What do you spend on groceries each week? $50? $100? $150? In that range, buying one of those tempting extra little things at the checkout doesn't seem extravagant. A pack of gum, for example. Or the latest Inquirer.
A tempting extra little thing got my attention a few days ago at Starbucks. And I yielded to the temptation. Along with my cup of coffee I bought … are you ready for this? … the re-mastered Beatles CD "Sgt. Pepper's Lonely Hearts Club Band."
A $12 impulse purchase with my $1.85 cup of coffee.
The release of the re-mastered Beatles CDs this week made news. That tells me Boomers still rule; or at least we have some influence on the media.
OK, what it really tells me is that the Beatles are still influential. Part of the mystique of this re-release is that they were technologically ahead of their time through much of their recording career. They began to experiment with sound recording techniques such as compression, distortion, microphones directly in instruments, tape running backwards, multi-tracking and overdubbing. All of that came together on this album.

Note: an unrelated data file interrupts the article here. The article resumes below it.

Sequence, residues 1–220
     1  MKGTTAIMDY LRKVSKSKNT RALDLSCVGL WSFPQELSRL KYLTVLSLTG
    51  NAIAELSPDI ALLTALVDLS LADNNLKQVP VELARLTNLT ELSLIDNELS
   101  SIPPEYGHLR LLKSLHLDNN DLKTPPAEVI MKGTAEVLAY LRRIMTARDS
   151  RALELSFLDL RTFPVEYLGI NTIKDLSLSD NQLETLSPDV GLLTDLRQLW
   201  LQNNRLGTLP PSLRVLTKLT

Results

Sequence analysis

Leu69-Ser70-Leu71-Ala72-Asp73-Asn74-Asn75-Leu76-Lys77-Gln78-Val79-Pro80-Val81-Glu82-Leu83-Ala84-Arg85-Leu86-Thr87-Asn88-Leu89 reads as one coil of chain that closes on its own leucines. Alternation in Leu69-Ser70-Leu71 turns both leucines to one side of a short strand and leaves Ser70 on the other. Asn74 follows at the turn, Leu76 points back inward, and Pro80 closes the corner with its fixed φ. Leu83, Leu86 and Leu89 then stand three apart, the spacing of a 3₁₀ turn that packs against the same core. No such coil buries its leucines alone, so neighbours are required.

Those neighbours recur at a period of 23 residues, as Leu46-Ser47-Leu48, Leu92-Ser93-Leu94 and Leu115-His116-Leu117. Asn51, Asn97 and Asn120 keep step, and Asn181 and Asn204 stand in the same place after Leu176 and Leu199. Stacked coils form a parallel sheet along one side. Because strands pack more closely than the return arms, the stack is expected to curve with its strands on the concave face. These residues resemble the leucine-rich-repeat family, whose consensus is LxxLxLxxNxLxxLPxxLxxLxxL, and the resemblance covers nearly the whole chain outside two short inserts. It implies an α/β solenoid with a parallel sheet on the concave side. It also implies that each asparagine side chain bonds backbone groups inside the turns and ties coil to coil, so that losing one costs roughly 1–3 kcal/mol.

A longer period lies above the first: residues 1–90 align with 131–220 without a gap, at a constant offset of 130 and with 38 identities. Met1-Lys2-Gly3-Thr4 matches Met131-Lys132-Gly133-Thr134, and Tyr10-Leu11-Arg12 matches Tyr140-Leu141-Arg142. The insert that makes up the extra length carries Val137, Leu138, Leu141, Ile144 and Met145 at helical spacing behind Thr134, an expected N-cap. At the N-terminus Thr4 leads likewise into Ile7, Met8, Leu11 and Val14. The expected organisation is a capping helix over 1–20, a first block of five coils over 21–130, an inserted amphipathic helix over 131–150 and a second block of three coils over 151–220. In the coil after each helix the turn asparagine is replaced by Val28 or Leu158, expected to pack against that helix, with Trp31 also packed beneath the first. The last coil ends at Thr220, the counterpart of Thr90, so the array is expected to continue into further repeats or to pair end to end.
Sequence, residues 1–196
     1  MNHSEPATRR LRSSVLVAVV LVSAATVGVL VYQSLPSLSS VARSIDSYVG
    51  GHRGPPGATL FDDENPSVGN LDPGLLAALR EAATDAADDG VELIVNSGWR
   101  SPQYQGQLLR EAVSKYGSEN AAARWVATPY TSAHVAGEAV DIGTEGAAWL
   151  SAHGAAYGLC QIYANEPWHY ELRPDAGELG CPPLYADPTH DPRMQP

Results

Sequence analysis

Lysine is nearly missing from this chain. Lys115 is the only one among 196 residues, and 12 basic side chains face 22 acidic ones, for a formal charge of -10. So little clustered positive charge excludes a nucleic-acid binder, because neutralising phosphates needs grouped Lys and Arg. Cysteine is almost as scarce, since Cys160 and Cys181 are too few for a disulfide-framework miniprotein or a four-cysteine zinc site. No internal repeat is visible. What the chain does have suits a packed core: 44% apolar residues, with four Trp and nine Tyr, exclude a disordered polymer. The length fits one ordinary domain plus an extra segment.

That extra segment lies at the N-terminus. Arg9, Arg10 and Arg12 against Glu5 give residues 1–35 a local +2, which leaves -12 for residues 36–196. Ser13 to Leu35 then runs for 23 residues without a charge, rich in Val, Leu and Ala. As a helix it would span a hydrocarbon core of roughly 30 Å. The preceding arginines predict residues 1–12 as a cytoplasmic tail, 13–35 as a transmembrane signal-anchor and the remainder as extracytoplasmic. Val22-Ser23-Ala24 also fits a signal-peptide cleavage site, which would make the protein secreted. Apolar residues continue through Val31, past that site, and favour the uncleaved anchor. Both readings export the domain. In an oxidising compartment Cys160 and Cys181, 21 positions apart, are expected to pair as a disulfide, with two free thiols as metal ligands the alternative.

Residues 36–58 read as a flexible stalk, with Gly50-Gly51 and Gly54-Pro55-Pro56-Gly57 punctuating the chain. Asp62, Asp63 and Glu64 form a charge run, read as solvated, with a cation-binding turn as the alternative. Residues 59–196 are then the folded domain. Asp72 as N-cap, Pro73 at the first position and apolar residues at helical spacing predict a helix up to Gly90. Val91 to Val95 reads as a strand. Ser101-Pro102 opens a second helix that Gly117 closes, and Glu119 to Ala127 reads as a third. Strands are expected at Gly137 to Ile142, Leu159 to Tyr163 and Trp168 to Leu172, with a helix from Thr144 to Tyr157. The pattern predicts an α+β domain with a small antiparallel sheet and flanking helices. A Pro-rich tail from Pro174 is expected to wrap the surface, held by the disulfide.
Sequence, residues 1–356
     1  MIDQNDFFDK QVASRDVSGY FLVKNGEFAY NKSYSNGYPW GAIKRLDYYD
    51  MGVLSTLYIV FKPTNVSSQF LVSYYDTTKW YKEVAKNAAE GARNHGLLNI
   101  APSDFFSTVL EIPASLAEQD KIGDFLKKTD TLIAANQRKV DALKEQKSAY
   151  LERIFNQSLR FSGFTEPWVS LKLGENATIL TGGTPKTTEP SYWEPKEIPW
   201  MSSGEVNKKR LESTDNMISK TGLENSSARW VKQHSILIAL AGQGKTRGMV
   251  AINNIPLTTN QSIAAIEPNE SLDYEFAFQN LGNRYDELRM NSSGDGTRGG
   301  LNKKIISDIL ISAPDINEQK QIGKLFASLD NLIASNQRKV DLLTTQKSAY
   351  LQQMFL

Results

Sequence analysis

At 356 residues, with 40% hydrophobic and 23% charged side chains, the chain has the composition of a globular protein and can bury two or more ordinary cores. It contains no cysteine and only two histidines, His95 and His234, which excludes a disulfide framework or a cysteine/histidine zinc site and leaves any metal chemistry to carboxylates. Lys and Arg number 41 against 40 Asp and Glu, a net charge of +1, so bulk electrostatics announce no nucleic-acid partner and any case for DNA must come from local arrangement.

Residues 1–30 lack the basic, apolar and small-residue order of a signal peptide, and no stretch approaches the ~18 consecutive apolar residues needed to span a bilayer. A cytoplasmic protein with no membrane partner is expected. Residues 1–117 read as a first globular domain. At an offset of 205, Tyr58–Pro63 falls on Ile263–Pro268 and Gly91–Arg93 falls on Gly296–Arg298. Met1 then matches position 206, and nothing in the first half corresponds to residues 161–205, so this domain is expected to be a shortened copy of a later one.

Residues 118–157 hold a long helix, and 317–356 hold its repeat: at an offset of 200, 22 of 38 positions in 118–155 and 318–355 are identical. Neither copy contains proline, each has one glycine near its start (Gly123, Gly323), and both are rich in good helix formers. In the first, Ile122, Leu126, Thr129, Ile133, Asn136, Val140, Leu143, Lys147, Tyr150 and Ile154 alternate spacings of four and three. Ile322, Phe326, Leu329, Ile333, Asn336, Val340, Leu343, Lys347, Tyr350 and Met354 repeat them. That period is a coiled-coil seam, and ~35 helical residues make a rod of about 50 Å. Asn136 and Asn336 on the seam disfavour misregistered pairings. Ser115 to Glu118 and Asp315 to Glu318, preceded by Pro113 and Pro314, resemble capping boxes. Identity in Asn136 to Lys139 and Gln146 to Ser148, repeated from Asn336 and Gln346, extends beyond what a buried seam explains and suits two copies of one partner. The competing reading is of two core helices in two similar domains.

But on some songs they also used some of the quirkiness of early stereo recordings, such as vocals in one channel and most of the instruments in the other. The engineers who re-mastered these CDs tried to retain the original mixes, preserving the intent of the group, while at the same time brightening some of the instrumentation that sounds a bit muffled in the originals.
One reason I chose this particular CD is that Sgt. Pepper is the first album I ever bought. I might even still have that vinyl version somewhere. So this was a sentimental impulse purchase.
I listened to it on the way home from work the day I bought it. Do the songs stand the test of time? Not especially. But this CD does provide a pristine vehicle for a trip back to my youth. And where else can you travel that far for twelve dollars?